Tuesday, August 2, 2011

Bray and von Storch on Tollefson's piece in nature

RE: ‘The Sceptic Meets His match' (Nature vol 475 28 July 2011: 440-441), Jeff Tollefson.

In the recent issue of nature (vol 475 28 July 2011), Jeff Tollefson reported about a pamphlet of the Heartland Institute from 2007.  Results from our 2003 survey among climate scientists were used for the statement  “The survey clearly shows that the debate over why climate is changing is still underway, with nearly half of the climate scientists disagreeing with what is often claimed to be a ‘consensus view’”. Tollefson goes on to accurately state that “In the survey, nearly 56% of climate scientists agreed that human activity is causing climate change, 14% were unsure and 30% disagreed”.  Tollefson also goes on to state that Bast [founder of the Heartland Institute] “dismisses the findings of a follow up survey by Bray and von Storch [this is our 2008 survey] which found that more than 85% of the responding scientists agreed that human activity is behind climate change.” - also an accurate interpretation of the survey data. Tollefson spoke to one of us (HvS), and we find his research done well.


The full surveys, from 1996, 2003 and 2007 are all available on-line (Bray, D., and H. von Storch, 2010: CliSci2008: A Survey of the Perspectives of Climate Scientists Concerning Climate Science and Climate Change, GKSS Report 2010/9, and Bray, D. and H. von Storch, 2007: Climate Scientists’ Perceptions of Climate Change Science. GKSS-Report 11/2007).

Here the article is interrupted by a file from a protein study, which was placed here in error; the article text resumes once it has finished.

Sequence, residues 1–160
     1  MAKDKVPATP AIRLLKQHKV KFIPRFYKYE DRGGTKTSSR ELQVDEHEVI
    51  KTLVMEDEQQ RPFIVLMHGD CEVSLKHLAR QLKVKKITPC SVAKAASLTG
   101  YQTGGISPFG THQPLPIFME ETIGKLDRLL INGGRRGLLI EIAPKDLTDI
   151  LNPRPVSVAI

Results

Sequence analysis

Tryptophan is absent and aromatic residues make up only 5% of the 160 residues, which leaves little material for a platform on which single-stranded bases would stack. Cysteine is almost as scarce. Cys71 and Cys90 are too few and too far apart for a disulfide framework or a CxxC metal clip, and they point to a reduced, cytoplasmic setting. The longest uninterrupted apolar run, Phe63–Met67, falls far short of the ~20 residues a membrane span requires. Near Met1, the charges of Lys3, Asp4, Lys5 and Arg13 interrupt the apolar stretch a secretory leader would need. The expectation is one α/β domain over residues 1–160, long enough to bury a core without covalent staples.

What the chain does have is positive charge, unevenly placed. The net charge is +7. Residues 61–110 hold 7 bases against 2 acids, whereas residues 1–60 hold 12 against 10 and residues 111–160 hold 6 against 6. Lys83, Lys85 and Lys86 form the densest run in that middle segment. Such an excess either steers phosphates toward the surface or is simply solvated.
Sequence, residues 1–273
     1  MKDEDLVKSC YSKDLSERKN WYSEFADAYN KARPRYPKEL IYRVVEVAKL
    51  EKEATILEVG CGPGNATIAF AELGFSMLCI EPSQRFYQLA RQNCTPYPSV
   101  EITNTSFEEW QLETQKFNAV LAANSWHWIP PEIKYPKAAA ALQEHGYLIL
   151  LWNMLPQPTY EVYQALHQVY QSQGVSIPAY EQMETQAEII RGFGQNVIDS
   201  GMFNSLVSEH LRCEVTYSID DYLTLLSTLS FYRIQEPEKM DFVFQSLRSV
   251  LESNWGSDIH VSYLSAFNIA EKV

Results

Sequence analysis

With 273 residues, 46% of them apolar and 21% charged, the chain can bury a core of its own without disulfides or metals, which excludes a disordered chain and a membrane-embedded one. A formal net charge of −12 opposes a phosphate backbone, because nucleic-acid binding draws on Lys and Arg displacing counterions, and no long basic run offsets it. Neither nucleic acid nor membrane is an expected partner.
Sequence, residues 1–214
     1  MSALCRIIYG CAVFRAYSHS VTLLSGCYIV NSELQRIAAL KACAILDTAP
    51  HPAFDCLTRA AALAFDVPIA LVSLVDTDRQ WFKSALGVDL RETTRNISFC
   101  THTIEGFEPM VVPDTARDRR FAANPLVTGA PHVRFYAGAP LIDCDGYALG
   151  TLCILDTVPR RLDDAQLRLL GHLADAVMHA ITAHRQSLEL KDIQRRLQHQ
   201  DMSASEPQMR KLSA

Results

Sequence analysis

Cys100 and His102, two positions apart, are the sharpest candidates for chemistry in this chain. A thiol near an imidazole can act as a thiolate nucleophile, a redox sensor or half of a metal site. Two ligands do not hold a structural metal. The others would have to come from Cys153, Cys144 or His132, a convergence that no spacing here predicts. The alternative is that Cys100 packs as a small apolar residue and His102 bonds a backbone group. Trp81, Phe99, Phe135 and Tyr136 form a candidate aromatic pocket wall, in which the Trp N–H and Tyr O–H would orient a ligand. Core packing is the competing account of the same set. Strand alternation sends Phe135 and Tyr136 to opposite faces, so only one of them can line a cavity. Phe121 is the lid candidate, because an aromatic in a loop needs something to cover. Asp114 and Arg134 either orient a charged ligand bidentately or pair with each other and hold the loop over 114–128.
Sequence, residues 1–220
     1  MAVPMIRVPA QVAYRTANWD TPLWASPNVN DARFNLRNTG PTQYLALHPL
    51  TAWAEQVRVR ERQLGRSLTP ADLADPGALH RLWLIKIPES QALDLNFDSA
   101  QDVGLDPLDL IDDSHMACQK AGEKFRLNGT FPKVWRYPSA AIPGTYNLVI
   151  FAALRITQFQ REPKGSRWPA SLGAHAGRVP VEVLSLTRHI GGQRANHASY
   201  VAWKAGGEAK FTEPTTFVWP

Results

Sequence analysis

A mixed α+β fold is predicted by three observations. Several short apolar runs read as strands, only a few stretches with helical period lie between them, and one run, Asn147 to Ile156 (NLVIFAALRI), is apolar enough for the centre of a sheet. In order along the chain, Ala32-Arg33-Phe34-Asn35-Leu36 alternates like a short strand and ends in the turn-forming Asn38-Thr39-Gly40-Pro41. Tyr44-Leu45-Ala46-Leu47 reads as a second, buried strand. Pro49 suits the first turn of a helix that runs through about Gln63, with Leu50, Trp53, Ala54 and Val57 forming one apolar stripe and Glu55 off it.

The changing agreement over time among climate scientists about the existence of a warming (manifestation) and about the dominant cause (namely GHGs; "attribution") is displayed in this diagram, which is taken from the 2010-study by Dennis Bray (Bray, D.: The scientific consensus of climate change revisited. Environ. Sci. Policy (2010), doi:10.1016/j.envsci.2010.04.001)

Tollefson’s article talks about ‘dimensions’ of consensus as consensus is not as clear cut as often portrayed.  From our surveys we have learned that some ‘dimensions’ of ‘consensus’ have increased, others have decreased. In particular for the two key dimensions manifestation of climate change, that it is happening regardless of what is causing it, as well as attribution to human activities, consensus has increased among climate scientists since the beginning of our surveying.

What has recently decreased is the “legitimation” of the IPCC as representing this consensus, because in recent years an opposition has formed which asserts that the IPCC is underestimating the severity of the change (see Bray, 2010). From our own observations of discussions among climate scientists we also find hardly consensus on many other issues, ranging from changing hurricane statistics to the speed of melting Greenland and Antarctica, spreading of diseases and causing mass migration and wars.

We will continue surveying climate scientists about their view and opinions on climate change and climate policies.



2 comments:

Stan said...

I think it important to remember, that despite the woeful performance of expert opinion over the course of history, there remains at least a possibility that climate scientists might be correct in some part of these judgments.

Hans von Storch said...

Stan,
what do you mean with "climate scientists might be correct" - do you mean all, most, some? Which judgments? - that it is getting warmer, that human are causing it, that sea level will rise by about 2 until the end of this century, that ice bears will die out, that climate wars will rage in future?